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Re: WG Review: Recharter of Hypertext Transfer Protocol Bis (httpbis)

From: Amos Jeffries <squid3@treenet.co.nz>
Date: Thu, 01 Mar 2012 14:05:06 +1300
To: <ietf-http-wg@w3.org>
Message-ID: <67f3acf2dfdad1b4a0991210506f1dd6@treenet.co.nz>
On 01.03.2012 13:07, Adrien de Croy wrote:
> On 1/03/2012 12:21 p.m., Henrik Nordström wrote:
>> tor 2012-03-01 klockan 11:57 +1300 skrev Adrien de Croy:
>>> that depends on proxy design.  If the challenges and responses are 
>>> going
>>> over the same TCP connection it's pretty simple.
>> I won't go into this. HTTP is message oriented, not connection 
>> oriented.
> I'm not 100% convinced.  Esp with auth.  Even disregarding NTLM, any
> time you have a challenge and response, if the response comes to a
> server over a different TCP connection, then I think a lot of
> implementations will break.  Maybe therefore they are poorly 
> designed.
> If for instance multiple proxy clients are multiplexed over a pool of
> connections between the proxy and a server, so that subsequent
> requests on a connection to a server can be for any proxy client, 
> then
> the server's job of maintaining association of credentials, or
> deciding when to issue a challenge is made much more difficult than 
> if
> it assumes the connection is for only 1 user.
> Maybe if assuming 1 connection = 1 user is broken, it should be
> explicitly warned about in the spec.

Maybe. Part 1 section 2 goes into a lot of details but seems not to say 
that explicitly anywhere or have any diagram showing connection 

>  The alternative though is either
> the server has to challenge every request, or the auth tokens
> submitted by clients can be used without round-trips, or some other
> token needs to be stored and looked up by the server in global (i.e.
> non-connection-oriented) memory.  Basic fits there, but does Digest?
> NTLM certainly doesn't of course.

You have switched from connection==user assumption to 
connection==client assumption mid-sentence.

The difference between client hop-by-hop concept and user end-to-end 
concept is critical to the arguments you seem to be making.

If you look past the optimizations HTTP does require a challenge on 
every request. For www-auth the UA clients optimize the round-trip out 
of existence by holding state about the origins previous challenges and 
sending credentials up front. At no point in the spec does HTTP permit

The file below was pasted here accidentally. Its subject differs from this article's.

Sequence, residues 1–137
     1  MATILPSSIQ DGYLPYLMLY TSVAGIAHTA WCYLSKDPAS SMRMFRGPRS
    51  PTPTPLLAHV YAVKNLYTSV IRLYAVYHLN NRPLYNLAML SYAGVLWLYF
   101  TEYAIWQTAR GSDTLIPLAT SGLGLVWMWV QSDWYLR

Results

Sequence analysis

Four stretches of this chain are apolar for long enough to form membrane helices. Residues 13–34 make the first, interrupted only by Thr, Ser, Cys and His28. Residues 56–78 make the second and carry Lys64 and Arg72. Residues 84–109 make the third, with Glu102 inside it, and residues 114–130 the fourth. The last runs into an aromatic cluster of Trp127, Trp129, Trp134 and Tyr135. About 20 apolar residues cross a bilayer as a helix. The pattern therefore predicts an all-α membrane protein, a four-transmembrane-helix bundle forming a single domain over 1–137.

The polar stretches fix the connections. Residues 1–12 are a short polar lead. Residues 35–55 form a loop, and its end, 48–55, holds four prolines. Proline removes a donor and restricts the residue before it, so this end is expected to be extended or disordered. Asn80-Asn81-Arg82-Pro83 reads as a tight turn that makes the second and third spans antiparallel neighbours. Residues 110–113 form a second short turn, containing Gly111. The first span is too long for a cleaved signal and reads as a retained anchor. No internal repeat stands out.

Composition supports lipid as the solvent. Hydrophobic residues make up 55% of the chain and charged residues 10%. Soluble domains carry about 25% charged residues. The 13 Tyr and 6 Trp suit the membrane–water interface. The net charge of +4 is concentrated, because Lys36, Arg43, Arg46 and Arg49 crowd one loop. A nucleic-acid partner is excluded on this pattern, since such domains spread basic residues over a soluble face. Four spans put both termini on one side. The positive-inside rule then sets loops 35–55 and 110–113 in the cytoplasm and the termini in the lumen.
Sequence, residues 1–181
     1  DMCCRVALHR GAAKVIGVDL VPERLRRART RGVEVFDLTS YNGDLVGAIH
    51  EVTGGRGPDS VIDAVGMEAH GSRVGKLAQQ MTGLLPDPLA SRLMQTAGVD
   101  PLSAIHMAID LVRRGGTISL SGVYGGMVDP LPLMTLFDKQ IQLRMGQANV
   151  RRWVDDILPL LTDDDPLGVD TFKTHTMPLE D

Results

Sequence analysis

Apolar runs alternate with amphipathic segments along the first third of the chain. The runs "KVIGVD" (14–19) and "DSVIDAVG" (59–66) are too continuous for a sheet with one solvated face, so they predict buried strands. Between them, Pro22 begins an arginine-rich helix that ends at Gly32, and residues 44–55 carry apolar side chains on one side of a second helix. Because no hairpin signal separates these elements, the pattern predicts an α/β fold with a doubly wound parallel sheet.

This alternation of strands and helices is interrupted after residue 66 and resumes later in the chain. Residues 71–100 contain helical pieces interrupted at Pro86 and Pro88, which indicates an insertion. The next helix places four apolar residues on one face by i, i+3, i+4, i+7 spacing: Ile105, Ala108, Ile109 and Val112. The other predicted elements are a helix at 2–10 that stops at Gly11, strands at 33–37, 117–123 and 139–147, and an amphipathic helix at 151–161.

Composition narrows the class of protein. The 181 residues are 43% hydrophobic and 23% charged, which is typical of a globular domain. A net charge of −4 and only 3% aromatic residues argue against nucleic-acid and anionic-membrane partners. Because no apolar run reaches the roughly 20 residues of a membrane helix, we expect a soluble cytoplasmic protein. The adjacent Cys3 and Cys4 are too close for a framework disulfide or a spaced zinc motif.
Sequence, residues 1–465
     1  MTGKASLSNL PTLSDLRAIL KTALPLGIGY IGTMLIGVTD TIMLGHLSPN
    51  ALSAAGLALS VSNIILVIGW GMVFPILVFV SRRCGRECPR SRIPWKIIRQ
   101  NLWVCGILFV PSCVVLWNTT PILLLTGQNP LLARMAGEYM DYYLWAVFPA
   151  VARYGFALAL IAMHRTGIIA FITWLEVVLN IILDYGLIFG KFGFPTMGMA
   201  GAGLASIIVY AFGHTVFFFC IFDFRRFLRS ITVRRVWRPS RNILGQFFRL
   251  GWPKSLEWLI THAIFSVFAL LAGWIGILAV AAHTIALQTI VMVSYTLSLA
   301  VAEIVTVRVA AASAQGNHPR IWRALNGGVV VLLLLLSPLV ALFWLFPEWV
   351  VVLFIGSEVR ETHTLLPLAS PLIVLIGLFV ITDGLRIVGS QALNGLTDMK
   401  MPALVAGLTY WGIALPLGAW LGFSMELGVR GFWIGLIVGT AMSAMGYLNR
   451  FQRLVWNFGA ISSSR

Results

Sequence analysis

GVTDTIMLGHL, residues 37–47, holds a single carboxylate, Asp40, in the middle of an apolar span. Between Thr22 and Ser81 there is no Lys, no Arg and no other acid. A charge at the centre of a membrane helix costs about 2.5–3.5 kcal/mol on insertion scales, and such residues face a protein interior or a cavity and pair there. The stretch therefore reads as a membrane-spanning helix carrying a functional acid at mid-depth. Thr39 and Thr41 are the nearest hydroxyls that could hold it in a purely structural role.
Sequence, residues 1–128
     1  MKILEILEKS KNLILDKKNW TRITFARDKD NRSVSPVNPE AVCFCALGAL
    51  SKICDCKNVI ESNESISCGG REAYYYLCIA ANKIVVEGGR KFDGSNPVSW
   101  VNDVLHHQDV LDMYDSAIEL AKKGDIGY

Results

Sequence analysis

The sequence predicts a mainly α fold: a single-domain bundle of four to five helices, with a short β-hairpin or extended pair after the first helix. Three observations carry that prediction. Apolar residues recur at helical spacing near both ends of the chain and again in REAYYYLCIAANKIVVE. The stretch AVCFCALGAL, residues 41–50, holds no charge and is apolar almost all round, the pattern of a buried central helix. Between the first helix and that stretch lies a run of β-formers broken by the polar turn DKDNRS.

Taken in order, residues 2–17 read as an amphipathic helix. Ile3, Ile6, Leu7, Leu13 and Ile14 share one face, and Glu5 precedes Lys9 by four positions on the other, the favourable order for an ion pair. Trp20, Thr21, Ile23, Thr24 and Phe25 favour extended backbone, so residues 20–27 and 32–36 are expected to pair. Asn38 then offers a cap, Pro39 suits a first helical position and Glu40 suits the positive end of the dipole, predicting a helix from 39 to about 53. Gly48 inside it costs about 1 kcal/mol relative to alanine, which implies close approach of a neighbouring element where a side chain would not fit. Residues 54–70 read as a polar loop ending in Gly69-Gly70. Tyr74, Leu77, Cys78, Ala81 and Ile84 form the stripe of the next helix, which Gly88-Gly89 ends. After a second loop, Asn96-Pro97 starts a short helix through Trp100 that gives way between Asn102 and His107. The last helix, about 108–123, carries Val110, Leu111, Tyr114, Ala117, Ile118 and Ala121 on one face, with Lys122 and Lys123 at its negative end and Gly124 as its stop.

intermediaries to use, validate or touch the user-to-origin credentials.
  proxy-auth credentials are specifically and directly hop-by-hop so 
that intermediaries can use them.

>>> the main area we see the problem is actually not in proxy auth, but 
>>> when
>>> a proxy intercepts the connection, requires auth and then the 
>>> website
>>> requires auth as well.
>>> It's hard for the proxy to know whether an auth response should be
>>> processed by itself, or upstream.
>> Are you talking of transparent intercepting proxies doing NTLM here? 
>> If
>> you do then please stop, that's just happens to work because the
>> security model of NTLM is plain broken broken allowing it to be 
>> abused
>> in mitm attacks in completely insecure manners. end of discussion.
> actually any sort of auth when you intercept you no longer know who
> the target is.

When you intercept the target is not you. End of story.
There is no middle ground, the act of interception destroyed it.

>> Please let NTLM die a painful death.
> It's going to be a very long death.  It's just not going away.  I
> think we will still see significant use of it in 10 years from now.
> I'm not even sure how to implement Digest on windows (I've only
> briefly looked), but it looks quite difficult.
> Even Negotiate is still connection-oriented?

Negotiate needs to die as painful a death as NTLM. Long live Kerberos, 
which has hop-by-hop properties and despite its orientation hangup can 
be used almost as easily as Basic or Digest auth given a minimum of 
HTTP/1.1 across all hops.

>>> In most cases though where this happens, wouldn't the upstream 
>>> proxies
>>> be within the same administrative domain?  e.g. so creds should 
>>> work,
>>> and leakage shouldn't be a problem.
>> Even that assumption only holds for basic auth. With anything else 
>> it
>> breaks.
> ok
> So basically the answer remain: "use Digest".

Use something that works hop-by-hop and provides a realm or scoping. 
Digest being the oldest, but Kerberos, and OAuth also meet the criteria.

Received on Thursday, 1 March 2012 01:05:31 UTC

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